Class & Trash Get Down Together for This Pair of FIFTY SHADES Disco Precursors
With things on the relative down-low for veteran actress Joan Collins in the late 1970s, it was her sister Jackie to the rescue, having optioned a pair of her steamy novels of amoral affluence gone wrong to be made into films. Beyond age 44, following the infamous one-two punch of The Stud and then The Bitch, Joan’s down-low took a quick upswing into a curious future career of soapy lowdown characters and regal respectability. In these movies, Joan would play Fontaine, a self assured, dubious and conniving woman of expensive tastes and a ravenous sexual appetite. She is the driving presence behind these notorious trash classics, the sequel more laughably subpar than the original. That said, they are not without their charms, particularly when viewed for their amusing, terminally dated qualities.
According to the entertaining and knowledgeable commentary tracks on each Blu-Ray, British author Jackie Collins wanted the adaptations to be classy and “erotic, but not rude”. To varying degrees, her wish seems to have been acknowledged if not followed to the letter. Affluence is everywhere, or at least is supposed to be (production budgets sometimes being what they are). Metallic bedposts, jewelry and sequins all glisten amid the late 1970s haze filter atmosphere.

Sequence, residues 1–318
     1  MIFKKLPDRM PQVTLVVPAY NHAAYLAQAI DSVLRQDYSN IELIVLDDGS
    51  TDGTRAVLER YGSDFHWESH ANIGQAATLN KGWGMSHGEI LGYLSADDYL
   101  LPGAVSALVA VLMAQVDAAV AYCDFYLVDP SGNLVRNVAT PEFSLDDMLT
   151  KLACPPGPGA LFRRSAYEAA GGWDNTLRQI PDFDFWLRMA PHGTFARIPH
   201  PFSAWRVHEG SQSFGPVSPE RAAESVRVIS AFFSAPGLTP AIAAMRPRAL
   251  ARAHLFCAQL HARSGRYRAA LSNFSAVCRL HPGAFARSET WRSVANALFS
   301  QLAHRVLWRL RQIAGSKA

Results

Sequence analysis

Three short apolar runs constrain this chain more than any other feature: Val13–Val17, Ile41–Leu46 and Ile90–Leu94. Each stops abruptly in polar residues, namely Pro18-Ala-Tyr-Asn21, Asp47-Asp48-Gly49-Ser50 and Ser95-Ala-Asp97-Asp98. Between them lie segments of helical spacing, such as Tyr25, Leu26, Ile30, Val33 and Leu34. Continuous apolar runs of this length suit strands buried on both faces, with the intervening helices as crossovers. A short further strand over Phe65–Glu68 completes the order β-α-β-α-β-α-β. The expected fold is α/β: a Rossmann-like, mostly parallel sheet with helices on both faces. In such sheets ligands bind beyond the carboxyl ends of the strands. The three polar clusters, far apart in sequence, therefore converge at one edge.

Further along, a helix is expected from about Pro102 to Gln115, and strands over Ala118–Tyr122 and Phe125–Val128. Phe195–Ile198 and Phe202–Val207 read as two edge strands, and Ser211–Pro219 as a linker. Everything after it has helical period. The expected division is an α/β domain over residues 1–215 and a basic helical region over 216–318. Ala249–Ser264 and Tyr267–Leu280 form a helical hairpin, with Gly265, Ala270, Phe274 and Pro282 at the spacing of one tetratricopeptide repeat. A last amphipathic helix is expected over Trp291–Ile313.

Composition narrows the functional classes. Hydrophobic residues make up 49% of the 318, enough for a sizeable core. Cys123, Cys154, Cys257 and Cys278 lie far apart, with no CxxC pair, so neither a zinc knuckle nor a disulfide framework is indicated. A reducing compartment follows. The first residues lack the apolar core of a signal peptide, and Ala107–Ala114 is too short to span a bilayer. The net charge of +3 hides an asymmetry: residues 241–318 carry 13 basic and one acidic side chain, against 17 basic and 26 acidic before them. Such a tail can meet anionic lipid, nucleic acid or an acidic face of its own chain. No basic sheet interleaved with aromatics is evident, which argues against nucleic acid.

Set in London’s swinging disco club scene, there’s no shortage of kitschy glitz, nor poor dancing for that matter. Backstabbing seduction is the modus operandi in this sexually loose pre-AIDS era. For whatever it’s worth, Joan Collins, in her brazen pre-Dynasty days, carries theses films like few probably could. Or would.
My own film buff curiosity, a sometimes perilous thing, got the better of me, wondering what a pair of late 1970s films that dare to call themselves “The Stud” and “The Bitch” might be like. And now, here we are…
DIRECTED BY QUENTIN MASTERS/1978
STREET DATE: MARCH 14, 2017. KINO LORBER STUDIO CLASSICS
Based on the late Jackie Collins’ 1969 potboiler novel, The Stud is both more and less successful than its more provocatively titled sequel.
Although it’s Joan Collins’ name before the title, she’s in a glorified supporting role. Oliver Tobias, as the title character Tony, is expected to carry the bulk of the ninety-five minute sudsy adult drama.